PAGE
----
By taking the time to understand these businesses and make the most of their fixed and working capital assets, Wyelands Bank can help them to trade and grow, says the Bank’s Asset Finance Managing Director Jim Higginbotham.

Why do you focus on manufacturing?

The UK manufacturing sector employs 2.6 million people, or one in 12 jobs, and is responsible for nearly half of the country’s exports.

Yet despite the importance of the sector, many medium-sized manufacturing firms are struggling to get the funding they need to grow.

New Wyelands Bank research reveals just how these firms are held back due to a lack of finance. By addressing this issue, we could help the UK’s manufacturers to trade, grow and create jobs.

What’s the issue?

Our research of UK mid-sized manufacturers, turning over £10m to £300m, shows that nine out of ten firms (89%) are held back because of a lack of finance.

These difficulties in raising finance have stopped UK mid-sized manufacturers from winning new contracts and that has stifled new job creation.

Each firm said that the difficulties in raising finance meant they had missed out on an average of £20 million in revenues and an average of 11 new contracts. These would have enabled each firm to create 10 new jobs.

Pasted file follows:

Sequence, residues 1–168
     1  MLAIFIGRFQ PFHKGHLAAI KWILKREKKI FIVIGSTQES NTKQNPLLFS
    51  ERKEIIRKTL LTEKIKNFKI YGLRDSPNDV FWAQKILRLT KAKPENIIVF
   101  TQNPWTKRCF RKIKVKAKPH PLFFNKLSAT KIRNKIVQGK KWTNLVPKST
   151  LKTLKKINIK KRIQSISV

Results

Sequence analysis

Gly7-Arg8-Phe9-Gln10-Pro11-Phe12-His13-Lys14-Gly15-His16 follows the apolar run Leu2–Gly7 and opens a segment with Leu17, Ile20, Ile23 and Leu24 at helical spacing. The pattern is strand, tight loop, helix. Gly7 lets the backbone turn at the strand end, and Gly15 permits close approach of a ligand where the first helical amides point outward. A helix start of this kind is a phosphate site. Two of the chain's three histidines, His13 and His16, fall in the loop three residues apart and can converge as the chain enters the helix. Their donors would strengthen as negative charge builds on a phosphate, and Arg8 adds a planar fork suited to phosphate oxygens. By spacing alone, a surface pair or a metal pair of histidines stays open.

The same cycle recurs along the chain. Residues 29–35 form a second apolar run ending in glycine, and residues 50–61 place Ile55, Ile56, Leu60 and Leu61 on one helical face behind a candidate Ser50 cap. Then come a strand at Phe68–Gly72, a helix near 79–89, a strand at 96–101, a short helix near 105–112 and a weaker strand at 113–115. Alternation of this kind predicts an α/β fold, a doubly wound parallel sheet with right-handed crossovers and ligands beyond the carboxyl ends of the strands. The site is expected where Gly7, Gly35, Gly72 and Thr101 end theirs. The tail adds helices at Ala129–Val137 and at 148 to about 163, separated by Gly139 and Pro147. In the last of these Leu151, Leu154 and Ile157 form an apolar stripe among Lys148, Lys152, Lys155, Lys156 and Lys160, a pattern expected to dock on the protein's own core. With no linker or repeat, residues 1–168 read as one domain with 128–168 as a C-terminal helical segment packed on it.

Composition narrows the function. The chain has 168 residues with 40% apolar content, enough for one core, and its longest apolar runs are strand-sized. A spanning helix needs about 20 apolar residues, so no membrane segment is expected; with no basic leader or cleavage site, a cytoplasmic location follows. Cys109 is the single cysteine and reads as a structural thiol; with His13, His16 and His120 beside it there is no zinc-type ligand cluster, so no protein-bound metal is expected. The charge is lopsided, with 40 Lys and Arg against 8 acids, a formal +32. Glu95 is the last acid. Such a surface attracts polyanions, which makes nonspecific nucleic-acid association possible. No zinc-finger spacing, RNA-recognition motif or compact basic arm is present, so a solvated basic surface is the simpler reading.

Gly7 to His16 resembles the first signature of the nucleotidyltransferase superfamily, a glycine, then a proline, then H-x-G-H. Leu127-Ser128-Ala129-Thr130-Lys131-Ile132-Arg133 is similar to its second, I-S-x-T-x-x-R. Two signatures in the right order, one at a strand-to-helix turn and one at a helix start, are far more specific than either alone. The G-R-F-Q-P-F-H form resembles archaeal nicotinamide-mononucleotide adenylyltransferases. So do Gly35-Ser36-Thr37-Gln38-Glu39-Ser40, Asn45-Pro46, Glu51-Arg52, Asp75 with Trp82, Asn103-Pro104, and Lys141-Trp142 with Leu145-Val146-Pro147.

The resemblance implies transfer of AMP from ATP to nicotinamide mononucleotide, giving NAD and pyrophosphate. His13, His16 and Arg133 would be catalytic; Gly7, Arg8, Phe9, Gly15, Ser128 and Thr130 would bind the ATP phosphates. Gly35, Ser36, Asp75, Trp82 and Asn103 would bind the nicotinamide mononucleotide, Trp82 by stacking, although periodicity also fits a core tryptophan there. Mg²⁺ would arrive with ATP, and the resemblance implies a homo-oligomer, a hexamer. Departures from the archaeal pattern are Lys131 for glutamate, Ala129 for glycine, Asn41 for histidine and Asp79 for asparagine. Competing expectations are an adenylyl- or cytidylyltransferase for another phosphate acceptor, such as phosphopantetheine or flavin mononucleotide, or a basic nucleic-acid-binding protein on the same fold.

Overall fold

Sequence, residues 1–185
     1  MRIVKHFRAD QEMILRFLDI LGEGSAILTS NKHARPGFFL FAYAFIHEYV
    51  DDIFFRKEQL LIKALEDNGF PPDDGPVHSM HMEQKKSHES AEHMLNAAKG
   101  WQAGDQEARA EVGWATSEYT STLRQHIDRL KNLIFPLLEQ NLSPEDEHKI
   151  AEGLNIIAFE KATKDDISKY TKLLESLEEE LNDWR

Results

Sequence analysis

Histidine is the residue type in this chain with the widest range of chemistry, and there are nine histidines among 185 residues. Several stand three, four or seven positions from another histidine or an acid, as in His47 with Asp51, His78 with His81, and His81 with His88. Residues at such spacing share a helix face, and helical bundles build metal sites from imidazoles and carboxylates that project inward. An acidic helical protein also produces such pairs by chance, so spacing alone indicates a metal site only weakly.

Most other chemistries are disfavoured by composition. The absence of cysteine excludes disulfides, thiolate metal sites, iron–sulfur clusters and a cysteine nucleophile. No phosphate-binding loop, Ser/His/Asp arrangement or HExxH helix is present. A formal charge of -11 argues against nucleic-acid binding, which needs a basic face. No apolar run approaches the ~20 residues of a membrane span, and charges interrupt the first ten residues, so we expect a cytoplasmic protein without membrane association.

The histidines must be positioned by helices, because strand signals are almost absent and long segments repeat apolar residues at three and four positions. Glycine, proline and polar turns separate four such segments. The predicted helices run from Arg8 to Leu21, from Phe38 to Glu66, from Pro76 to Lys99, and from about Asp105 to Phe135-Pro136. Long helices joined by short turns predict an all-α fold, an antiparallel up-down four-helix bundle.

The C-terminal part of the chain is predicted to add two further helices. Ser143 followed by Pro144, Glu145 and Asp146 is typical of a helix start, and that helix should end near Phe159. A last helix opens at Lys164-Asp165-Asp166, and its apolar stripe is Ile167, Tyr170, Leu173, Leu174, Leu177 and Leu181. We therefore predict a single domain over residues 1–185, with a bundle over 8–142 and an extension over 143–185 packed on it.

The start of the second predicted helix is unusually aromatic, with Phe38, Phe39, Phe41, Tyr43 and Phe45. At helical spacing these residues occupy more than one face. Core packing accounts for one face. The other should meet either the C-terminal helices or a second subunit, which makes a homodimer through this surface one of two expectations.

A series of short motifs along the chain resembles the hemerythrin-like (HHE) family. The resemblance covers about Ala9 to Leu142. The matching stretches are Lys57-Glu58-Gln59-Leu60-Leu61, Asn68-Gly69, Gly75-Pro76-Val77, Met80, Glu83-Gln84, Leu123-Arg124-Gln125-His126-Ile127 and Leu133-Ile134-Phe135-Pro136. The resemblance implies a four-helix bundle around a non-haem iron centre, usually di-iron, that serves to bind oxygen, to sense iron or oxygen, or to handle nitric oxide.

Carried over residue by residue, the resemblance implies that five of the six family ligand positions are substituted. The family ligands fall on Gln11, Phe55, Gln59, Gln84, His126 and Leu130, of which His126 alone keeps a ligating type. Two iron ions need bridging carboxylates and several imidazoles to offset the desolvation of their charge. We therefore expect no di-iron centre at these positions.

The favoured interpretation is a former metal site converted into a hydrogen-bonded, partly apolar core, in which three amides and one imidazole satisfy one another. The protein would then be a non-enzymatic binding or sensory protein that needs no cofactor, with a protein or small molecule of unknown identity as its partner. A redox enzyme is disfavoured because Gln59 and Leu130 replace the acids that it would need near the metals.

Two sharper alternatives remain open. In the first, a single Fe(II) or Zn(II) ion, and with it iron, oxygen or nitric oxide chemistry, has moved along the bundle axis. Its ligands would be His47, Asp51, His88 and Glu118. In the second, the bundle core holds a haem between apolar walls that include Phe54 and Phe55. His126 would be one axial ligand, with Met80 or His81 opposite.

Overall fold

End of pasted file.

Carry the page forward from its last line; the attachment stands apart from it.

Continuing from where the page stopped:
Clearly, if we scale these average results up against the 23,000 mid-sized manufacturing businesses in the UK then it’s clear to see that having the right access to finance is a material issue.

Our research of UK mid-sized manufacturers, turning over £10m to £300m, shows that nine out of ten firms (89%) are held back because of a lack of finance.

What’s more, our research shows that difficulties in raising finance also prevent 70% of firms from investing in new equipment or technology.

Half (50%) have also been held back from entering new markets and 45% have been prevented from moving to a new site or premises.

When manufacturing is so critical to the UK economy, this isn’t good enough.

How does Wyelands Bank help unlock growth?

UK mid-sized manufacturers are not able to grow to their full potential without greater access to finance. But that finance has not been available as traditional banks are too often unable to help.

Helping individual businesses unlock growth along the manufacturing supply chain would help tackle the UK economy’s productivity challenges.

Mid-market firms can have a disproportionate effect on growth and job creation in the economy as a whole, but first, they need to be understood as individual businesses. It takes time and effort to understand a firm’s specific challenges and identify how to help them. This must then be underpinned by a range of flexible financial solutions to help shape the right answer.